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On all Baha’i bookshelves, whether in libraries or at home, there is bound to be evidence of the great literary contributions provided by George Townshend (1876-1957).
Decades before 1951 when Shoghi Effendi elevated Mr Townshend to the rank of Hand of the Cause, this Irish literary genius began contributing his skills to assist the Guardian.
Shoghi Effendi was fluent in English but he recognised that a literary expert like Mr Townshend, whose native tongue was English, could assist him with advice on idiom and stylistic matters in his English translations of the writings of Baha’u’llah, the Bab and Abdu’l-Baha.
Mr Townshend provided the Guardian with advice regarding his translations of Baha’u’llah’s Kitab-i-Iqan, Hidden Words, Gleanings from the Writings of Baha’u’llah, Prayers and Mediations, and Epistle to the Son of the Wolf. He also worked on The Dawn-Breakers.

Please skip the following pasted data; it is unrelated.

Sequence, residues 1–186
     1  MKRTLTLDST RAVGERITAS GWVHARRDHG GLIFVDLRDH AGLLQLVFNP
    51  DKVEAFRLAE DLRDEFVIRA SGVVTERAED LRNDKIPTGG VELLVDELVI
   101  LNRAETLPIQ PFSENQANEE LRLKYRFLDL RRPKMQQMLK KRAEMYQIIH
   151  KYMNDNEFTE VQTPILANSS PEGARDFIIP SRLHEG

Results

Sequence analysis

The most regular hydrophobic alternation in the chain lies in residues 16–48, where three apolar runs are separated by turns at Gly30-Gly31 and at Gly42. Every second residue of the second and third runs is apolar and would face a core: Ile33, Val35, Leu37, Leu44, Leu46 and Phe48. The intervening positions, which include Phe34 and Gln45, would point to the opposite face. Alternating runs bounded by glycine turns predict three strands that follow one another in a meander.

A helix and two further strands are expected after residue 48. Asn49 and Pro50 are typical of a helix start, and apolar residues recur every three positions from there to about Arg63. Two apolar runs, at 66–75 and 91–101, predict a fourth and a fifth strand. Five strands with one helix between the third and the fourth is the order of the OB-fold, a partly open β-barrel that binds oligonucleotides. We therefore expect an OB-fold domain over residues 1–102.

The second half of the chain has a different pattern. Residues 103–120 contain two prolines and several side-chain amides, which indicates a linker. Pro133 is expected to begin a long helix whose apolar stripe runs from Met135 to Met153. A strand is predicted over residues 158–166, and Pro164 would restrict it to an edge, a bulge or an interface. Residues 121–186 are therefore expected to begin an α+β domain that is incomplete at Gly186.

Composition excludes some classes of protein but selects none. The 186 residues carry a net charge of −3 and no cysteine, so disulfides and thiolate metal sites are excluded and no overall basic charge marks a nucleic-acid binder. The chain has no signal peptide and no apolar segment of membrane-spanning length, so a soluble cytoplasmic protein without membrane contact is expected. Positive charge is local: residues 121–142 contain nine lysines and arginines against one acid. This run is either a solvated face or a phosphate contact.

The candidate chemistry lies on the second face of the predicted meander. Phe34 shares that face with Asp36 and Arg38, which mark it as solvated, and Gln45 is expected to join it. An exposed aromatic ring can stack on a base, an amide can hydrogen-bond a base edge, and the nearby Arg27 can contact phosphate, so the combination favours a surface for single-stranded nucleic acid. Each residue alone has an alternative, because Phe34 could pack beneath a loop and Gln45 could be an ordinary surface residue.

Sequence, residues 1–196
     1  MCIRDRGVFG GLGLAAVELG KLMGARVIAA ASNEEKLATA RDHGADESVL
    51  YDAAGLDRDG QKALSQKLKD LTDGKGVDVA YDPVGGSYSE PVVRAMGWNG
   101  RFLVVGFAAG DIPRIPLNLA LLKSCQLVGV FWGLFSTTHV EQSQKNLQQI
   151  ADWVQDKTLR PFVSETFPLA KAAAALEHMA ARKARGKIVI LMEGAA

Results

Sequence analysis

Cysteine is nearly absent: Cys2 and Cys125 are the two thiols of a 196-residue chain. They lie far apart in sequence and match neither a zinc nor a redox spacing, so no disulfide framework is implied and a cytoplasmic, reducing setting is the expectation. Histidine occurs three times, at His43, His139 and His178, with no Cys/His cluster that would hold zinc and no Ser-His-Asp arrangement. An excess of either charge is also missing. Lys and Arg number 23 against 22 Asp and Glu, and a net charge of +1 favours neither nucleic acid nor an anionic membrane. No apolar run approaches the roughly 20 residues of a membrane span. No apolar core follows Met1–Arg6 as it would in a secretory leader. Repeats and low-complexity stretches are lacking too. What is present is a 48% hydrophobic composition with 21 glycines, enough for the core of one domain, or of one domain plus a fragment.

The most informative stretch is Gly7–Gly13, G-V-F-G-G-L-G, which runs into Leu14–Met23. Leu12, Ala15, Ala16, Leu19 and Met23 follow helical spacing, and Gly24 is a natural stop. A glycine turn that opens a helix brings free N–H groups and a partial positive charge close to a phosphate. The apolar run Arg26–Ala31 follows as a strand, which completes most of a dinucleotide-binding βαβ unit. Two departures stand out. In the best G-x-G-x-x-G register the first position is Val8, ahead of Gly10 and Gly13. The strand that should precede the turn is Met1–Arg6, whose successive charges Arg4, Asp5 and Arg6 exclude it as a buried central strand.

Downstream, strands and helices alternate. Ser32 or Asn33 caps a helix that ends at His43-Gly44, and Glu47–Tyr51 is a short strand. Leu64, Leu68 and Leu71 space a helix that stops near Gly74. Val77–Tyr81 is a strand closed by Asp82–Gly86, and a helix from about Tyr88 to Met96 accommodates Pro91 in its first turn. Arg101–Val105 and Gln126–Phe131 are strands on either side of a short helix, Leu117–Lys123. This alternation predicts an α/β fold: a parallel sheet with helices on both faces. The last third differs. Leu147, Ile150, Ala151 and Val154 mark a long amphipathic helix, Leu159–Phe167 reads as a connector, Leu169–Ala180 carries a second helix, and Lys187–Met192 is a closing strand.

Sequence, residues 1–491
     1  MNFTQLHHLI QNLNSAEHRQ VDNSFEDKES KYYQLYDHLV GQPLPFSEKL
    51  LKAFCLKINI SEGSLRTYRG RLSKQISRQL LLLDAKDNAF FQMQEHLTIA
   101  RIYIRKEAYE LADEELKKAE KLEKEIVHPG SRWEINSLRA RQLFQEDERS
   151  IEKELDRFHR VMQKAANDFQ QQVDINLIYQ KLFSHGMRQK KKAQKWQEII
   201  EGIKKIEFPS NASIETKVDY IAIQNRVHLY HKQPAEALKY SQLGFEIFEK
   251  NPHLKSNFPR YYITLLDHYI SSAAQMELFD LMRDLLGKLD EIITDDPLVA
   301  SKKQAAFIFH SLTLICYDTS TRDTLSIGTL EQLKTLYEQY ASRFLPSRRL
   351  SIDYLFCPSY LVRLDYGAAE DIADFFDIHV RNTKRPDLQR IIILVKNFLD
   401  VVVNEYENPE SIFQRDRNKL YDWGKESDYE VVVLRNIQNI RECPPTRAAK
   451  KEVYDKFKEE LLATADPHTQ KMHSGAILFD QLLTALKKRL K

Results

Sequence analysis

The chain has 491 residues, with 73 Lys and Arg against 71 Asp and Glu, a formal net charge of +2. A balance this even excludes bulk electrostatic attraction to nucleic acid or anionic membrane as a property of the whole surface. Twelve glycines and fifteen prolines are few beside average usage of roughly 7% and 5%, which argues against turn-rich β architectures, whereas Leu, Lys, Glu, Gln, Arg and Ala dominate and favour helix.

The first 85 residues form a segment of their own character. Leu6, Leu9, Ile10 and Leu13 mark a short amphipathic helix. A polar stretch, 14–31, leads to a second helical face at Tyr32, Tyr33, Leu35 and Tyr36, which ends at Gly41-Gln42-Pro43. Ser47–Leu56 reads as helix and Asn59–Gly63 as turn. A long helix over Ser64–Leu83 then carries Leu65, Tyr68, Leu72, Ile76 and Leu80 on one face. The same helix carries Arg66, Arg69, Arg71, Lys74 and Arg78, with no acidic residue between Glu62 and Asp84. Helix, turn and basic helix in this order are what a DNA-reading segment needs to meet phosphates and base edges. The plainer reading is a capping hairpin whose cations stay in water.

An astounding proof Mr Townshend’s utter humility is that he never told anybody of the literary work he carried out to assist Shoghi Effendi.
For the Guardian’s historical survey God Passes By and for his translation of The Dawn-Breakers, Mr Townshend came up with the books’ titles, and provided editorial advice on the text.
In addition, he wrote many articles for volumes of The Baha’i World, and was the author of books relating the Faith to Christianity, the last being his masterpiece Christ and Baha’u’llah.
Judging simply by the fact that Shoghi Effendi placed a photo of Mr Townshend in his personal office, the contributions of the Irishman well and truly justified the praise the Guardian showered upon him.
In the magnificent, comprehensive biography of Mr Townshend by a longstanding member of the Universal House of Justice, the late Mr David Hofman, we can see a comparison of an earlier version of the short healing prayer with the one which Baha’is are now well familiar.